UK OWNER FOR WORLD’S FIRST UNMANNED OFFSHORE VESSEL

UK OWNER FOR WORLD’S FIRST UNMANNED OFFSHORE VESSEL

It was good to read that the UK’s Plymouth based Automated Ships Ltd will be the primary integrator, project manager and ship-owner of Hrönn, the world’s first fully automated and unmanned ship for commercial use. The vessel will be designed and built in Norway in cooperation with KONGSBERG and is expected to be built by Fjellstrand AS, a Norwegian shipyard with a long history of building state-of-the-art aluminium fast ferries in addition to a number of steel offshore vessels and aluminium work boats. As the builder of the world’s first battery driven car ferry, ‘Ampere’, Fjellstrand AS is well known for taking the lead in maritime innovation and green technology.

Hrönn is a light-duty, offshore utility ship servicing the offshore energy, scientific/hydrographic and offshore fish-farming industries. Its intended uses include but are not limited to: Survey, ROV (Remotely Operated Vehicle) and AUV (Autonomous Underwater Vehicle) Launch & Recovery, light intermodal cargo delivery and delivery to offshore installations, and open-water fish farm support. The vessel can also be utilised as a standby vessel, able to provide firefighting support to an offshore platform working in cooperation with manned vessels.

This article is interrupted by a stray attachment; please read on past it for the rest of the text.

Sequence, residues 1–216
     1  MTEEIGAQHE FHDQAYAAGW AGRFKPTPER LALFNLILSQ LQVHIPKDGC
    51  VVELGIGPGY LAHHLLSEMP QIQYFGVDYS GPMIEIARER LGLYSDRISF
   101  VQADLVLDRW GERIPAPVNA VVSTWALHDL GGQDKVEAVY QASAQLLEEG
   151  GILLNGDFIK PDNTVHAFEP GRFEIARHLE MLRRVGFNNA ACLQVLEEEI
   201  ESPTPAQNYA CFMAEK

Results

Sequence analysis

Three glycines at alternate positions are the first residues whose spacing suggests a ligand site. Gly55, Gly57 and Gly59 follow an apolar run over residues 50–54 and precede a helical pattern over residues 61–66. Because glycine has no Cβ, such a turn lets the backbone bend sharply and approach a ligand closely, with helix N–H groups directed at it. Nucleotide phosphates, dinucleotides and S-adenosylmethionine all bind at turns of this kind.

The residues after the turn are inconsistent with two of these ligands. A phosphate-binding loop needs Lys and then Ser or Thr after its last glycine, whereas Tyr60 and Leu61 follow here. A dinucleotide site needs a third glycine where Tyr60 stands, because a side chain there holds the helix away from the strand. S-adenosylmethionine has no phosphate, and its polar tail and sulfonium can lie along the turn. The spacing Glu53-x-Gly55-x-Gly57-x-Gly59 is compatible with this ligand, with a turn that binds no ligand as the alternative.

The vessel will be contracted in January 2017 and when delivered in 2018 existing technology will have been leveraged to develop a robust, flexible and low-cost ship that will become the market leader. It will offer not only a capable work-boat, it will also provide an unparalleled R&D asset for the furtherance of this emerging industry sector.

The use of unmanned, remotely operated vessels has significant advantages, the main ones being the safe guarding of life and reduction in the cost of production and operations; removing people from the hazardous environment of at-sea operations and re-employing them on-shore to monitor and operate robotic vessels remotely, along with the significantly decreased cost in constructing ships, will revolutionise the marine industry.

The question is, “Will ALL of the ships at sea ever be unmanned and remotely operated?”
I hope not.